— William T. Sherman, Message to William J. Hardee, December 17, 1864, recorded in his memoirs
Deciding to forgo Sherman’s invitation to surrender, Hardee organized a breakout from the trap that Savannah had become. Ordering his engineers to build a pontoon bridge, the entire Confederate force slipped across the Savannah River on December 20th. The following morning, Savannah Mayor R. D. Arnold rode out to formally surrender the city, in exchange for Brig. Gen. John W. Geary’s promise to protect the city’s citizens and their property. Sherman’s men, led by Geary’s division of the XX Corps, occupied the city the same day.
Sherman telegraphed to President Lincoln, “I beg to present you as a Christmas gift the City of Savannah, with one hundred and fifty guns and plenty of ammunition, also about twenty-five thousand bales of cotton.”
The President replied on December 26th,
“Many, many thanks for your Christmas gift – the capture of Savannah. When you were leaving Atlanta for the Atlantic coast, I was anxious, if not fearful; but feeling that you were the better judge, and remembering that ‘nothing risked, nothing gained’ I did not interfere. Now, the undertaking being a success, the honour is all yours; for I believe none of us went farther than to acquiesce. And taking the work of Gen. Thomas into the count, as it should be taken, it is indeed a great success. Not only does it afford the obvious and immediate military advantage; but, in showing to the world that your army could be divided, putting the stronger part to an important new service, and yet leaving enough to vanquish the old opposing force of the whole – Hood’s army – it brings those who sat in darkness, to see a great light. But what next? I suppose it will be safer if I leave Gen. Grant and yourself to decide. Please make my grateful acknowledgements to your whole army – officers and men.”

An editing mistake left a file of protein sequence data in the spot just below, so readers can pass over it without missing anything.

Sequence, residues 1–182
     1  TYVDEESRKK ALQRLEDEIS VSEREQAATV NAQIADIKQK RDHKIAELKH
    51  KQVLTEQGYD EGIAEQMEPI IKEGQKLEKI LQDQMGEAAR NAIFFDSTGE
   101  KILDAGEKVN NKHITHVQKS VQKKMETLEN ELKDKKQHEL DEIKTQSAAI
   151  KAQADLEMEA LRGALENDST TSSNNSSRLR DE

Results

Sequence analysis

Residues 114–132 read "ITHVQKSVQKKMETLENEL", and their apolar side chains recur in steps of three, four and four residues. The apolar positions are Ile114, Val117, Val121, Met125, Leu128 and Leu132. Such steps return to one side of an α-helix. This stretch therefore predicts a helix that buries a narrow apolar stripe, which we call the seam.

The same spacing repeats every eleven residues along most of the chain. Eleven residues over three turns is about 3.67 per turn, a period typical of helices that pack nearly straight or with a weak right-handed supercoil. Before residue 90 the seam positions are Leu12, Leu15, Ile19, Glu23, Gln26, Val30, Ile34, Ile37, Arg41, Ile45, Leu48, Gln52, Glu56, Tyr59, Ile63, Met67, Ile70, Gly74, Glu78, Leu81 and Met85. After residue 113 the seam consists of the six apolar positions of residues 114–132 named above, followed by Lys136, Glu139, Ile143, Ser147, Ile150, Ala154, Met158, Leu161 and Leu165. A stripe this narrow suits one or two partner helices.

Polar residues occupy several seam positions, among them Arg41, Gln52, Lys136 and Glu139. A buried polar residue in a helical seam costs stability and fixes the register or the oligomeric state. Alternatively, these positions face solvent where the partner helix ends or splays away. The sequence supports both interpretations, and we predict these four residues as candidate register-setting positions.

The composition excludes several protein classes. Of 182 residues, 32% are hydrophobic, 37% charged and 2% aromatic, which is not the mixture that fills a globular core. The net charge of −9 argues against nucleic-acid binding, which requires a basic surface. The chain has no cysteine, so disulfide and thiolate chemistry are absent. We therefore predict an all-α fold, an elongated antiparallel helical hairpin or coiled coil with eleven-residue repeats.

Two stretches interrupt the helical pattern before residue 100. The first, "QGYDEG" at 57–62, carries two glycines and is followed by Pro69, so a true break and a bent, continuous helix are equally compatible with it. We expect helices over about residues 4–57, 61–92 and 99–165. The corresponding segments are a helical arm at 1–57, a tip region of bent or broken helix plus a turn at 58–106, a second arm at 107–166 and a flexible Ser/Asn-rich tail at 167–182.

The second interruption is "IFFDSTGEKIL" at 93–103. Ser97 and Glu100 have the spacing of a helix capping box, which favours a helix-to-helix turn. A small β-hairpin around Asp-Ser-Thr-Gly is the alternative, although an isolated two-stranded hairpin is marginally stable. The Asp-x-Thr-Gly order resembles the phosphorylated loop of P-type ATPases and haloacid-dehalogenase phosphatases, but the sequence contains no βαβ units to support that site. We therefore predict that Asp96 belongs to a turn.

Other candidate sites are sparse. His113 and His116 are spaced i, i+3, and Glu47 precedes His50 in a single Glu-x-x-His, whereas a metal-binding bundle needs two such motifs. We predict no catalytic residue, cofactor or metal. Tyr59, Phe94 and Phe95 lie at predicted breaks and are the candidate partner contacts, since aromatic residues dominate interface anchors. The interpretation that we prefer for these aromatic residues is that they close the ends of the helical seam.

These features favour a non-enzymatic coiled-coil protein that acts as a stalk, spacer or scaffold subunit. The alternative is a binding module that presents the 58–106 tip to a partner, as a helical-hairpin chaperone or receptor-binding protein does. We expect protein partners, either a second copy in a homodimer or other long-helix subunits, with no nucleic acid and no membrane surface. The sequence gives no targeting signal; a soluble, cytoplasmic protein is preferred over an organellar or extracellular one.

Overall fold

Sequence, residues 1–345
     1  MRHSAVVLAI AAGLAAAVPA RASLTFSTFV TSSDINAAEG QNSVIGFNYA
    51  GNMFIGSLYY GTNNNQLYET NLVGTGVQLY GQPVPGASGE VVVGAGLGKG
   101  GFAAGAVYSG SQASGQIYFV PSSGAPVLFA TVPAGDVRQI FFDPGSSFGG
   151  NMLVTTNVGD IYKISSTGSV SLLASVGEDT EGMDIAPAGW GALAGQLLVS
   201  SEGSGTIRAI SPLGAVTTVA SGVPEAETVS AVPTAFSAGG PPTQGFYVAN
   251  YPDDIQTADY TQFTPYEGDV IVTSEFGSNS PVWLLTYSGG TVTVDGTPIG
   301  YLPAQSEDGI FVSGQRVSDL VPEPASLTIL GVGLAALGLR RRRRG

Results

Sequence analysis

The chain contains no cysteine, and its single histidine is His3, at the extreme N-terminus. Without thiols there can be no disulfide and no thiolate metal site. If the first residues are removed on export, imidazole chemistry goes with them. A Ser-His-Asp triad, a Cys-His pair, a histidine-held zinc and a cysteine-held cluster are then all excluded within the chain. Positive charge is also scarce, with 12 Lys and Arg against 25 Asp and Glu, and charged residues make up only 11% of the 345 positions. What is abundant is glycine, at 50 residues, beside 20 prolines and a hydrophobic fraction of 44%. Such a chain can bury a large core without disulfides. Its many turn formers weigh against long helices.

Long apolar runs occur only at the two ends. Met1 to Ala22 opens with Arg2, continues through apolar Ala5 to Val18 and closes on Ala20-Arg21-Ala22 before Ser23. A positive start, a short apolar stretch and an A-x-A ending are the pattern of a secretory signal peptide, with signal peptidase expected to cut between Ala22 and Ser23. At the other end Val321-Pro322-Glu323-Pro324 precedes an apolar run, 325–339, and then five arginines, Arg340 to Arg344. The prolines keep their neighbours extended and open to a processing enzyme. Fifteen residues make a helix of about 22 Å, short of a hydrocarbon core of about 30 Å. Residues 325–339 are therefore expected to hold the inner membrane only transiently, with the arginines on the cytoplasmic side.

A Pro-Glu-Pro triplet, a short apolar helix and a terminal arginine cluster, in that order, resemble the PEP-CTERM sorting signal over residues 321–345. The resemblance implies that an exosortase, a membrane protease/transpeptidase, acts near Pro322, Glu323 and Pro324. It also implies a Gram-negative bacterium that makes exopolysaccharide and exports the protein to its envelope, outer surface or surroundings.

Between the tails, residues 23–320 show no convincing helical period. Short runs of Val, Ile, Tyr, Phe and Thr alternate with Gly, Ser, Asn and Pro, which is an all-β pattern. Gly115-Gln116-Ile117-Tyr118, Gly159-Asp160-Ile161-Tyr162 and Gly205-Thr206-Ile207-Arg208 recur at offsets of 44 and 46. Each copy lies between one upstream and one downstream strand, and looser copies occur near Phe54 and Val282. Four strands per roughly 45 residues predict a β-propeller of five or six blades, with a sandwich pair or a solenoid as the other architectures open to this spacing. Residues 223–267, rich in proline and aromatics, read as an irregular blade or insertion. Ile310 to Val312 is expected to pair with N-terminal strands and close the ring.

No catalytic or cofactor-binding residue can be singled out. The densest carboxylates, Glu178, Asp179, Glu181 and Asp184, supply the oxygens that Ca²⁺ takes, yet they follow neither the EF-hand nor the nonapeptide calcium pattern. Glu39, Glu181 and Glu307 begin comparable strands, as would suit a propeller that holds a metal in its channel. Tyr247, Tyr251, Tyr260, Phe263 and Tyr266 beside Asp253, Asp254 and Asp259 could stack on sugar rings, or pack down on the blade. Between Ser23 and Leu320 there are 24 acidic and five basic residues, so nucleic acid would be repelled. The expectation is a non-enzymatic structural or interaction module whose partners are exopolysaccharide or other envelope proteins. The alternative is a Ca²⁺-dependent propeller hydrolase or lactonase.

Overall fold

After a brief stay in the conquered city, Sherman prepared his army for what he hoped would be the final chapter in the war. His intention was to march north through South Carolina and North Carolina. He expected to link up with Grant’s armies at Petersburg.
The March to the Sea was devastating to Georgia and the Confederacy. Sherman himself estimated that the campaign had inflicted $100 million (about $1.4 billion in 2010 dollars) in destruction, about one fifth of which “inured to our advantage” while the “remainder is simple waste and destruction.” The Army wrecked 300 miles of railroad and numerous bridges and miles of telegraph lines. It seized 5,000 horses, 4,000 mules, and 13,000 head of cattle. It confiscated 9.5 million pounds of corn and 10.5 million pounds of fodder, and destroyed uncounted cotton gins and mills.
Historian David J. Eicher wrote that “Sherman had accomplished an amazing task. He had defied military principles by operating deep within enemy territory and without lines of supply or communication. He destroyed much of the South’s potential and psychology to wage war.”